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  5. "As calças dela são laranja."

"As calças dela são laranja."

Translation:Her pants are orange.

July 4, 2013

25 Comments


https://www.duolingo.com/profile/JCMcGee

Interesting that in Portuguese, like English, there is no difference between the word for "Orange" the fruit and "orange" the colour....I heard that we had no concept of a colour orange until the fruits arrived in the country?


https://www.duolingo.com/profile/Davu

There is another interesting Portuguese adjective "alaranjado" translated by "orangey". It means "like an orange in shape, taste or colour". Perhaps it would be useful to talk about someone who has just come back from a particularly sunny holiday where there was ample food - "Ele está alaranjado" = he is the shape and colour of an orange. :-)


https://www.duolingo.com/profile/JCMcGee

Wow...you took me back to my childhood and the only known use of the word "orangey": http://youtu.be/1SAUZGuLrmM

Now..."He is an Orange Man" has a very serious/religious/political meaning in Ireland: http://youtu.be/8mf8FaJyK9c


https://www.duolingo.com/profile/maryanfirpo

Spanish has basically the same issue. Naranja is the fruit and anaranjado is the color. Anaranjado literally means "like an orange" or "becoming an orange."


https://www.duolingo.com/profile/alvaroemur

"Anaranjado" is not a color exactly. It is the same as "azulado" (like blue or blue-ish).


https://www.duolingo.com/profile/Rae.F
  • 2335

We did know of the color. We just called it something different.


https://www.duolingo.com/profile/Telisa7

What did we call it?


https://www.duolingo.com/profile/Rae.F
  • 2335

The Old English word was "geoluhread", literally "yellow-red".


https://www.duolingo.com/profile/gautamamehta

Why wouldn't this be "laranjas?" Shouldn't the adjective agree with "calças ... são?"


https://www.duolingo.com/profile/antlane

adjectives that come from nouns don't have plural: rosa, laranja, cinza, oliva.


https://www.duolingo.com/profile/surfx2015

Laranjas for me is the plural of laranja (fruit orange)


https://www.duolingo.com/profile/PhillipBro6

The noun, a laranja, the fruit has a plural form

The adjective, laranja, the color, does not


https://www.duolingo.com/profile/NeilFitzge

When do you need to write "as calças dela" instead of "suas calças" or are they interchangeable (as long as the meaning of 'suas' is clear from the context)?


https://www.duolingo.com/profile/brbert02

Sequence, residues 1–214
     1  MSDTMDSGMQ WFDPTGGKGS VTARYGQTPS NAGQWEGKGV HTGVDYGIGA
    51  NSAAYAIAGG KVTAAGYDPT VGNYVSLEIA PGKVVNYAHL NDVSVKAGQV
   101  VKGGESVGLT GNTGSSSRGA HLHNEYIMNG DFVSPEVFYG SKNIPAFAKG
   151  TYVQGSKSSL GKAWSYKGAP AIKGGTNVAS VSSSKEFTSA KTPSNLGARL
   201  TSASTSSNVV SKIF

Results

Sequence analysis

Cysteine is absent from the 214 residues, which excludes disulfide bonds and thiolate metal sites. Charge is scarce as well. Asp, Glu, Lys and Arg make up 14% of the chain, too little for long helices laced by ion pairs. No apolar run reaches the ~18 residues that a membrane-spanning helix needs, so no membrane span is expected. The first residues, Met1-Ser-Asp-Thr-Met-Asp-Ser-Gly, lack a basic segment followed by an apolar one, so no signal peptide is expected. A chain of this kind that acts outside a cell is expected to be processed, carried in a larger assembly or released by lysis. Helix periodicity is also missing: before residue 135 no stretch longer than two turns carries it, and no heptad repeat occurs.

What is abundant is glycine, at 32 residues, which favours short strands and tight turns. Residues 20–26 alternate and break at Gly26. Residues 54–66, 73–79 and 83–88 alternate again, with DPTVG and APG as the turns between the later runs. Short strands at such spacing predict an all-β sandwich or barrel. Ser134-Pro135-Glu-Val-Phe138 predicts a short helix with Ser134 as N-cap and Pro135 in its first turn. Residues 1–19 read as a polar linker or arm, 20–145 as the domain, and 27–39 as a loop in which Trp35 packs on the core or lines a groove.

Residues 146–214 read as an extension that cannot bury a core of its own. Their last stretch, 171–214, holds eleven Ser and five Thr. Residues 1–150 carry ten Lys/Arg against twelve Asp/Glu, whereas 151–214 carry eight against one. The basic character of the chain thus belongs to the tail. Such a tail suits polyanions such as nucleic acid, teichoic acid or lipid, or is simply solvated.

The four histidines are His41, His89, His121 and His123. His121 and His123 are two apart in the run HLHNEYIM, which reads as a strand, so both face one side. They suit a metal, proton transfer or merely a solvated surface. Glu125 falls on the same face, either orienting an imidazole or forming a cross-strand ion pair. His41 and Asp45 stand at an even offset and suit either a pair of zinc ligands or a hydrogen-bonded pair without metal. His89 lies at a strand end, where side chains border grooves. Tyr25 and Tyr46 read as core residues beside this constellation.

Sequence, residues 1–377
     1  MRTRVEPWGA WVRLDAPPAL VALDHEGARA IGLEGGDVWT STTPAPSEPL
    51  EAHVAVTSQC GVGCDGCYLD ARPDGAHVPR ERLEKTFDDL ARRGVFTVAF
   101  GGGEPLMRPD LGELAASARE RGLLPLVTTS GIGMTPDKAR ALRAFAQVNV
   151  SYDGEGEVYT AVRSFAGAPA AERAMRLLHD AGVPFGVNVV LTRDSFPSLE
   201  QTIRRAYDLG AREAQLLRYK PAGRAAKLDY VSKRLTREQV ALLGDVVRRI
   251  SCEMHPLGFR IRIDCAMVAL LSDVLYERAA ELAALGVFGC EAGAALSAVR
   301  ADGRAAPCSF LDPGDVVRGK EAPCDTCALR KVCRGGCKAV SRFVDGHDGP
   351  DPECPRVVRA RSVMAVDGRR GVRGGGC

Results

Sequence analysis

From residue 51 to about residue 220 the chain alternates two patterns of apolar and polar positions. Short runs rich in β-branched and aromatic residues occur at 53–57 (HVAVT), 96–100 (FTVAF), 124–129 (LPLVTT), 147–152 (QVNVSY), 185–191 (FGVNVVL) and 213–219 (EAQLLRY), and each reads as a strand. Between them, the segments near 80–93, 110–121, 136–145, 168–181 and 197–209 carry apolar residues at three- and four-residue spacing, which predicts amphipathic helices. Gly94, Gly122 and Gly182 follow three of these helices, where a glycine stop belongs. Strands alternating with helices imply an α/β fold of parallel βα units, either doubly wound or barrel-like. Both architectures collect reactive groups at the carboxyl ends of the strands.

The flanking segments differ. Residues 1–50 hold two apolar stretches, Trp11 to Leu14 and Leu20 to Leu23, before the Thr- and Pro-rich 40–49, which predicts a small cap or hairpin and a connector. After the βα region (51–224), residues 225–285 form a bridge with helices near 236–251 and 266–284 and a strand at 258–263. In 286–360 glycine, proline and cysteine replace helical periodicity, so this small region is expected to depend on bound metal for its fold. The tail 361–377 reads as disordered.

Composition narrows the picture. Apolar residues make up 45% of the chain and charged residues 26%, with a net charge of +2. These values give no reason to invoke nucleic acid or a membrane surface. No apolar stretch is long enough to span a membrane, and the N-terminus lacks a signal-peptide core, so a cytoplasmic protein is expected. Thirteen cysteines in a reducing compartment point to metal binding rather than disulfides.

as calças dela would be used for clarification, if it is understood who you are talking about you could say suas calças (I believe)


https://www.duolingo.com/profile/colesautter

So, "The pants of hers are orange" isn't correct?


https://www.duolingo.com/profile/Rae.F
  • 2335

It's fine, but it's not very common, so I doubt Duo has that coded in.


https://www.duolingo.com/profile/UmaAmy

It sounds like the prompt is saying "as calças delas são laranja" -- wouldn't this be correct if the girls' (shared) pants were orange?


https://www.duolingo.com/profile/jamie.trigg

is this another moment where the 'As' in front of 'calças' is optional?


https://www.duolingo.com/profile/Thomas.Heiss

"The pants of her are orange". Is that a very bad English? I agree that "Her pants" sound better.

Memrise PT BR Level 10 declares "dela": "of her"


https://www.duolingo.com/profile/Rae.F
  • 2335

In English, we mostly say "her pants" but sometimes we say "the pants of hers". Never "the pants of her", though.


https://www.duolingo.com/profile/Bob20020

In Spanish there's "Los pantalones de ella son anaranjados", and "Sus pantalones son anarajados". Is it the same way in Portuguese?


https://www.duolingo.com/profile/Jessica906312

Is there a meaningful difference between the use of "as calças" and "a calça" or are they interchangeable?


https://www.duolingo.com/profile/Rae.F
  • 2335

In English, "pants" is always plural because it's short for "a pair of pants", referring to the individual legs that come together to make the garment. (It's plural as a noun, but as an adjective it can be singular: a pant leg.)

In Portuguese, it varies regionally whether "as calças" is both singular and plural the way it is in English or if "a calça" is the singular and "as calças" is the plural.


https://www.duolingo.com/profile/antlane

no difference; the modern trend in Brazil is to employ the singular form: uma calça, duas calças.

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